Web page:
Do I need a server?

This week, we’re continuing our series of posts from local partners specializing in related areas in the marketing & tech fields. Leanne and Mike Schmidt run Springs Technology. They are our go-to contacts for Managed IT in Colorado Springs. They do great work and keep several of our in-town clients running smoothly when it comes to the in-office technology. We love working with them because we know that anyone we send their way will have a stellar customer experience AND they’re in good hands when it comes to the technology and expertise. – Hannah

Gmail. Dropbox. QuickBooks. Salesforce. What do these all have in common? They all offer online services so you don’t need a server. In other words, they say, “Don’t buy a server. Use ours instead!”

Is that good? Is that bad? Let’s discuss the basics so you can decide for yourself.

First, what is a server? Isn’t it just a computer? And if so, why can’t I use the (old) PC I already own?

Correct. A server is simply a computer—albeit a powerful one. And that’s what makes the difference. Compared to off-the-shelf PCs, a server is built with higher quality components, including an OS specifically designed for what servers do best—process data, and designed to do it without downtime. Repurposing your old desktop as the company server would be like me enlisting my Kia Soul to do the work of a Ford Super Duty F350. Both are vehicles, but only one has guts.

What do I need a server for?

Short answer: processing data. As mentioned above, a server’s super power is storing, organizing, processing, and managing access rights to information. Take Gmail as an example. If you have a Gmail account, you use Google’s mail servers to process and store your messages. Using these servers costs “nothing”, because you gave Google certain rights to your information. They consider it a fair trade.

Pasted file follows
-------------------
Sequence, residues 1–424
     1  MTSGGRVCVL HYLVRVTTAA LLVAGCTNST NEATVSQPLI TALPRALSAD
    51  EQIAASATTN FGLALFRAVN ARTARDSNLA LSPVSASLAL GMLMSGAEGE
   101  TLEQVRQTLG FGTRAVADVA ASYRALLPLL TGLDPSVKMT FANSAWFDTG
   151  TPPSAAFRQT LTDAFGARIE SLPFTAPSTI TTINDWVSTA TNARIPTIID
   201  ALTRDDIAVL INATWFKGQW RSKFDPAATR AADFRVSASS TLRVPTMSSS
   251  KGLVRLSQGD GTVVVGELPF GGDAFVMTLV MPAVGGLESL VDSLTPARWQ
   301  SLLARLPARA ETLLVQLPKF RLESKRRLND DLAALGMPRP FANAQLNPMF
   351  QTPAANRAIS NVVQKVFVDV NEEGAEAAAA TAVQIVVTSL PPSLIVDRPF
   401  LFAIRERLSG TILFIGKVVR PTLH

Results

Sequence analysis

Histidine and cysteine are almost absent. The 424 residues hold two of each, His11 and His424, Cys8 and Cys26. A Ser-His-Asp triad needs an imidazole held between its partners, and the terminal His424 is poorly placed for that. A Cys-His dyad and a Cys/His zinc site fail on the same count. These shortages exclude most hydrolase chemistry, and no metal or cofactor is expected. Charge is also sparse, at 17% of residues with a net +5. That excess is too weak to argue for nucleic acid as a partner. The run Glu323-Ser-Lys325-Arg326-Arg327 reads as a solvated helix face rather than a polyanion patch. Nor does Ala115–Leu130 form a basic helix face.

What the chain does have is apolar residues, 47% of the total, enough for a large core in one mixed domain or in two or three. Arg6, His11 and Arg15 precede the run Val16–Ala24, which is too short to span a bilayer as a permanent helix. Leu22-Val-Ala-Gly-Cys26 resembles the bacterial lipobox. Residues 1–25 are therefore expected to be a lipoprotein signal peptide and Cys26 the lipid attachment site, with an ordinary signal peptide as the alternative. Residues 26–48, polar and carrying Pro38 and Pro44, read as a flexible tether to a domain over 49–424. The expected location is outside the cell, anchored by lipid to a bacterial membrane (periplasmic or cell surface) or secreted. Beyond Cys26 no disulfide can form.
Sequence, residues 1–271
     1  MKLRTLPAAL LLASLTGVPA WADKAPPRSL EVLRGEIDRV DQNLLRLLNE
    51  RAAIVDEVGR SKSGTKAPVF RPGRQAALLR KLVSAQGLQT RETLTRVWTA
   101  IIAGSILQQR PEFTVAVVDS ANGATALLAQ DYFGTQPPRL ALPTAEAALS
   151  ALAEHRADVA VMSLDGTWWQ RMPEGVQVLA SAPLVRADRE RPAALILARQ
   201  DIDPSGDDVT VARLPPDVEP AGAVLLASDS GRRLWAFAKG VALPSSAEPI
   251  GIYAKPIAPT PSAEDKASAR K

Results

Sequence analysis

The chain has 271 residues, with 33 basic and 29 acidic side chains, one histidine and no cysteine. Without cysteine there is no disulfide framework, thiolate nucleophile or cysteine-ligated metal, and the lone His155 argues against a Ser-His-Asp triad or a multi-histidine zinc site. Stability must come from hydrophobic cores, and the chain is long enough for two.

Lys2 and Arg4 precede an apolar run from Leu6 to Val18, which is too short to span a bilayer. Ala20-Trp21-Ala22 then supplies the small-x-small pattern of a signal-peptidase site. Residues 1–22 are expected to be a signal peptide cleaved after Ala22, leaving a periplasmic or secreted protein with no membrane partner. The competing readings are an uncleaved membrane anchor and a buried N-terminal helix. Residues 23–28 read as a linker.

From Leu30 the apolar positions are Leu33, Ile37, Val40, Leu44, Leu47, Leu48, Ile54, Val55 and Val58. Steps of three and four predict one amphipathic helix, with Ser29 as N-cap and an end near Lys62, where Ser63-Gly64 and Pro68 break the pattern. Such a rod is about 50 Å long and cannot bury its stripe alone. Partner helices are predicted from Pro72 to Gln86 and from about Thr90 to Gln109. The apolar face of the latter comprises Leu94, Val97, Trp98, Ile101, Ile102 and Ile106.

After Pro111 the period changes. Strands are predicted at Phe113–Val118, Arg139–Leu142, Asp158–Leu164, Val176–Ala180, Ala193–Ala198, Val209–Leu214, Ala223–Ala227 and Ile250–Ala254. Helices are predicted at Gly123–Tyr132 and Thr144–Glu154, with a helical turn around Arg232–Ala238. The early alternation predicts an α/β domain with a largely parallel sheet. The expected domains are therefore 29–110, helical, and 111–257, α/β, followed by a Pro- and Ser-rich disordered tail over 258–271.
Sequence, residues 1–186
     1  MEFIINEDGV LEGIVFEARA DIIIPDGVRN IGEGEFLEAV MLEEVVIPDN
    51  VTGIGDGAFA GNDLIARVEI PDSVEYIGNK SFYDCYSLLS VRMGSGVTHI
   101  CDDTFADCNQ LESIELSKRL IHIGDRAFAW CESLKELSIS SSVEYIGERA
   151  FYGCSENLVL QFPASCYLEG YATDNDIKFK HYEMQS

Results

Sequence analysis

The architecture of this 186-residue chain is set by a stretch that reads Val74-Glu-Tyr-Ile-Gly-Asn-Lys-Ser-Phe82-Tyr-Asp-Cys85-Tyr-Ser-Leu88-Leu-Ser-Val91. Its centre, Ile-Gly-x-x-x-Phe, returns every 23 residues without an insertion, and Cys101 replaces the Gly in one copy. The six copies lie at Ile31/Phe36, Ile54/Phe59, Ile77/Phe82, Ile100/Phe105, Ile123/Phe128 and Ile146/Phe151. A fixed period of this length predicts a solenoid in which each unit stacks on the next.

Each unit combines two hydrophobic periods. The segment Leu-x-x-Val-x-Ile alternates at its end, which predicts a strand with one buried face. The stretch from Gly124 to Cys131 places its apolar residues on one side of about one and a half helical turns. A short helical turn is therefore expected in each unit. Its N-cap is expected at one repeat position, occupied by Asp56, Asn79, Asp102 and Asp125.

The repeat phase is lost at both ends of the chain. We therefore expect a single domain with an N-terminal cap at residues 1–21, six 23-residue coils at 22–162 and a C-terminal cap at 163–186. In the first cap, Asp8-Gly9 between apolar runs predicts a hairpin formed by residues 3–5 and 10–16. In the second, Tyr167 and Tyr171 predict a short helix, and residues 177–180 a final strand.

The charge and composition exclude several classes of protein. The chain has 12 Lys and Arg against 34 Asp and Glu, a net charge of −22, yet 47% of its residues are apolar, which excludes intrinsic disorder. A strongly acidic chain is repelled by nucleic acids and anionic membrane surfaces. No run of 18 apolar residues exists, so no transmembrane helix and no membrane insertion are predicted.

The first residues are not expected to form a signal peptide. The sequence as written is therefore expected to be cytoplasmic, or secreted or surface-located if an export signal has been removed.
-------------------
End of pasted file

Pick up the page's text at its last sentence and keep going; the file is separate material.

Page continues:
Cloud servers exist for all sorts of data. For financial data, there’s QuickBooks online. For documents, DropBox is popular. CRM servers abound, a la Salesforce. And then there’s mail and work tools like Microsoft’s Office 365 suite.

The upside to online servers is that you don’t own them. No big-ticket capital expense upfront. No question of where to (safely) store them, how to back them up, or who will handle routine maintenance. All that is taken care of for you.

The downside to online servers is that you don’t own them. Your data is your company’s crown jewels. Are you ok with it resting on a machine located outside your building (not to mention your state, or country)? You are also more exposed. Accidentally granting access to sensitive information is bad when all your employees can see it, but it’s far worse when the whole world wide web can read it.

Bottom line. Do I need a server? Yes, you do, and probably already use one, like Gmail’s, without realizing it. A better question might be, how well are my server/data storage choices serving me right now?

If you use cloud servers, great! Evaluate: Is my data encrypted? Can I control file access rights? Is upload/download time impeding workflow? Am I uneasy about a third-party holding my information?

If you use local servers, great! Evaluate: How old are they? Is the OS current? Do I have dual-redundancy, so that if one goes down day-to-day business continues uninterrupted? Are they backed up (offsite)? Are they patched and updated monthly?

Thinking through these questions will guide you to wise solutions. And if you need help, ask a pro

About Leanne Schmidt

Mike and Leanne Schmidt started Springs Technology, Inc. in November, 2015. They provide managed IT services for clients who want using technology to be as effortless as blinking. Their other (not so secret) passion is software development; creating solutions for Windows Desktop and Server platforms that automate systems.

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